I may not always like my body, I may not be happy with how I look, but God does and He is. God is my home and His home is in me, T said something quite beautiful the other day- our bodies are a temple. My body is not my own. I’ve said it a hundred times and I can not stress it enough: I am beautifully made in God’s image. As T reminded me again upon our first blind weight: I am fearfully and wonderfully made. I am learning to love myself.
My heart has felt heavy, weighed down and hurting. The deep pain stems from places in my heart I wish I didn’t know existed. I went to pinch out the buds of my newly growing poppies, there were three and the third was the smallest. As I pinched out that third bud, I held it in my hand and felt a flutter of remorse. That poppy barely stood a few centimetres tall and it’s bud couldn’t have been more than a few millimetres wide, it had a life ahead of it before I stunted it’s growth. It felt brutal and for a moment my mind took me back to when I was only a child. I used to be small, I used to have a life ahead of me that was untarnished and waiting for me; before the brutal hail hit. There’s a song and it’s opening lyrics sing; my heart’s seen things I wish it didn’t, somewhere I lost some of my innocence and I miss it, stay up all night thinking it’s different, my life’s been survival of the fittest but I did it”. Those words resonate with me in a deeper way. I wrote on a previous blog post that life has a habit of dismembering us, breaking us beyond recognition and causing us to feel a deep sense of hopelessness. But within that, the key in this is to hold onto hope in God; even after we’ve lost our naïvety. We are born naïve to the brutality of this world and somewhere along the line we are exposed to that brutality and our hearts begin to dismember. My dismembering began at a young age and over the years I became more and more dismembered. I think it’s precious to go back to the knowledge that God is able to re-member us when we remember Him. When we seek out and pursue God, He holds our broken pieces and re-members them. Blessed are those who cry, who mourn and feel loss, for they will be held by the One who loves them – there is a strange and aching happiness that only the hurting know, for they shall be held. I am breathing and learning how to let the abundance of God in. Yes, the pinching of my poppies buds seemed brutal, it seemed cruel and unfair. But does it not lead to further growth? T and TC both do the same to their poppies each year, by pinching out the buds the poppies are able grow stronger and more resilient. The brutality again leads to growth. In that same way I have to believe that the brutality in my life has lead to growth. Recently T reminded me that everything we experience shapes who we are, that God will use this journey and that it isn’t all for nothing. As distressing as these chapters may be, I will continue to seek out my safety and security in my God. In Him I will find my rest and peace.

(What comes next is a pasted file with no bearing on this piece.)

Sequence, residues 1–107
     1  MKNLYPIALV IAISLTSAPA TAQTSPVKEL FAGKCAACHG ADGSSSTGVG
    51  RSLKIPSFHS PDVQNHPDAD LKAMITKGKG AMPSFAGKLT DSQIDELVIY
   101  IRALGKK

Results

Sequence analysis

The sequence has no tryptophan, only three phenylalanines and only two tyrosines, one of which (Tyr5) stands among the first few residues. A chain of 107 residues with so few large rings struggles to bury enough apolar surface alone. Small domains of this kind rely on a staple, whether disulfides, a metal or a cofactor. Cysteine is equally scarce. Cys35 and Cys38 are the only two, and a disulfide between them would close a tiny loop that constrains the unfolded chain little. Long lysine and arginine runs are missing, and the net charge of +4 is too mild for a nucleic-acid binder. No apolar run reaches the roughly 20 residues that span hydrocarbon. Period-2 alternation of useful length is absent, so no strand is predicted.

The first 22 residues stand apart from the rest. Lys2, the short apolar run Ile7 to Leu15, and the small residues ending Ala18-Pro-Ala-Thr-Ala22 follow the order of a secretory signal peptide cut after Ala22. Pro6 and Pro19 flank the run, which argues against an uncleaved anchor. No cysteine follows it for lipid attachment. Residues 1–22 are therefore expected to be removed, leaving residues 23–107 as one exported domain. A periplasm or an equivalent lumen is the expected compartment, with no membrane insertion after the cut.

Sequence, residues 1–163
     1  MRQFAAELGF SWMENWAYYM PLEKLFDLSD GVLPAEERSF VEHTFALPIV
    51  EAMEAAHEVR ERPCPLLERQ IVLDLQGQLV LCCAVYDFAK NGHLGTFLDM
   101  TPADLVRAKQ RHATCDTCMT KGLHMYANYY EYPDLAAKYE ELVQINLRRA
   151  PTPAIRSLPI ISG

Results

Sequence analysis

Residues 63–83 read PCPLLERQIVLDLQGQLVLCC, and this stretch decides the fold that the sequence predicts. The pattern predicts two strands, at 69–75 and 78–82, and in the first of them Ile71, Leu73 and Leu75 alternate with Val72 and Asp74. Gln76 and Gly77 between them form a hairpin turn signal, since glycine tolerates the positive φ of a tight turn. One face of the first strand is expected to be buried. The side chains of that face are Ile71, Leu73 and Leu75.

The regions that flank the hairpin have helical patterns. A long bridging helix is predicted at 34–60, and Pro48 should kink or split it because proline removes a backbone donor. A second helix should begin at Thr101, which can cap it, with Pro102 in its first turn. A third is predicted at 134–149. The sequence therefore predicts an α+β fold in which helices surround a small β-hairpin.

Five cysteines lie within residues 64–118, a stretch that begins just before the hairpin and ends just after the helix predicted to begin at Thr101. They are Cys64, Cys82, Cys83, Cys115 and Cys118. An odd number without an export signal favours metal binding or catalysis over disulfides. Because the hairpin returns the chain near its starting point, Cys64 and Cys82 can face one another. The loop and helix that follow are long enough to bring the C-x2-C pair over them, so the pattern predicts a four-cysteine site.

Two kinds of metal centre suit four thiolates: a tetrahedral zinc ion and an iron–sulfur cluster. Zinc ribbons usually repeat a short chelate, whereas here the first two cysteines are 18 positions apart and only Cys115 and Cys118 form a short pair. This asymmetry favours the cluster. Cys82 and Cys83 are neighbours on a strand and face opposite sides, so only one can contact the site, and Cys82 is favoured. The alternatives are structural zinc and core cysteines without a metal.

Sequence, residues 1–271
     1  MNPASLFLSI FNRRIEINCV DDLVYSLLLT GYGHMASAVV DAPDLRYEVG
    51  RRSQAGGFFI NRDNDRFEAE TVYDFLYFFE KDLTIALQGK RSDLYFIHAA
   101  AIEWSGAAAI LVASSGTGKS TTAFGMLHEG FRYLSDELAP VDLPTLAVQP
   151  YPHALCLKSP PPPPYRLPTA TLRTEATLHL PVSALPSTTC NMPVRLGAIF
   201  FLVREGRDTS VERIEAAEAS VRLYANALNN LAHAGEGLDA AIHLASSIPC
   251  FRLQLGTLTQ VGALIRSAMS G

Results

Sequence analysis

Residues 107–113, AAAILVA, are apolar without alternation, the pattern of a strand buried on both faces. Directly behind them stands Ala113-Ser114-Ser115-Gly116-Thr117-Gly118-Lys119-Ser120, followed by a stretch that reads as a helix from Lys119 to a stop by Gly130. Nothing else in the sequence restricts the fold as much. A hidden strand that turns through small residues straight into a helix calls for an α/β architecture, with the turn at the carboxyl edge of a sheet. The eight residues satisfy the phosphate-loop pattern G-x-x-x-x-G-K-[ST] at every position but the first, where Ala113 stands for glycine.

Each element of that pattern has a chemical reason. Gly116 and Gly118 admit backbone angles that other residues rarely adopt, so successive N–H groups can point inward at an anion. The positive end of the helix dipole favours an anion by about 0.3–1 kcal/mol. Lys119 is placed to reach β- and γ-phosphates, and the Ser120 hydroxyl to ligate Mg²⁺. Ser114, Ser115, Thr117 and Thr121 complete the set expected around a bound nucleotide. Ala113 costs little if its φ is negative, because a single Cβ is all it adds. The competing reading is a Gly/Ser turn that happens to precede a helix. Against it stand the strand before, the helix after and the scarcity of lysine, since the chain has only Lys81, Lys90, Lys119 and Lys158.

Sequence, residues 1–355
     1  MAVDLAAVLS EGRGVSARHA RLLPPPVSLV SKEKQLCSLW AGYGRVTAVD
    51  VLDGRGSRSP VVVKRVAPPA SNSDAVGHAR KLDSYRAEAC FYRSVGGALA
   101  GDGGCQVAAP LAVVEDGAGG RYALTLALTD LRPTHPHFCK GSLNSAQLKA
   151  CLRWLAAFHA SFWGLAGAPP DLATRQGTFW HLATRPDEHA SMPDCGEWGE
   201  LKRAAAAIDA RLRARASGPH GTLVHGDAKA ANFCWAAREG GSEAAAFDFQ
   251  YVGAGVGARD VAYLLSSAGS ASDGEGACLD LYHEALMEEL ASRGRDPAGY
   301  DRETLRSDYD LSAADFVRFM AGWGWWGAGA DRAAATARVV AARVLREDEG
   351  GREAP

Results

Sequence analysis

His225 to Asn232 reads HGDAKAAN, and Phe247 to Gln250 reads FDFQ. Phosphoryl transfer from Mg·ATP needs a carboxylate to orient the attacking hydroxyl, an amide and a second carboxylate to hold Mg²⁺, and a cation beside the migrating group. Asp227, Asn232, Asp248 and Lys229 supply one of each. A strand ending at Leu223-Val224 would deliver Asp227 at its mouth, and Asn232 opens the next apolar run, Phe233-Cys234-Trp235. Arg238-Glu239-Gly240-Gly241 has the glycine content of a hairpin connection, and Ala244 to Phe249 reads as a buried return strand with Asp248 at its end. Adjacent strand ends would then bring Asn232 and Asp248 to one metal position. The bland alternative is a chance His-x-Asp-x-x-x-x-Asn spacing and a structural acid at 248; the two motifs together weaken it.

Peace. Jesus tells us that He is our peace. I always thought that meant that I could find a sense of peace in Him, and yes, whilst that may be true I am also learning that peace isn’t so much a place or a feeling; it’s a person. Jesus is Peace. We can’t arrive to a place of peace, our hearts can’t travel into a sense of peace. The truth is that peace is a Person that we can abide in, a Person who offers the deepest peace because He is Peace. The broken pieces of my heart find themselves abiding in unison with my Jesus. My Jesus is my Peace.
– c x (19.06.2021)
*I smiled as I wrote the date because the truth be told, I didn’t realise today was the 19th until I looked only moments ago.. the ways in which God works.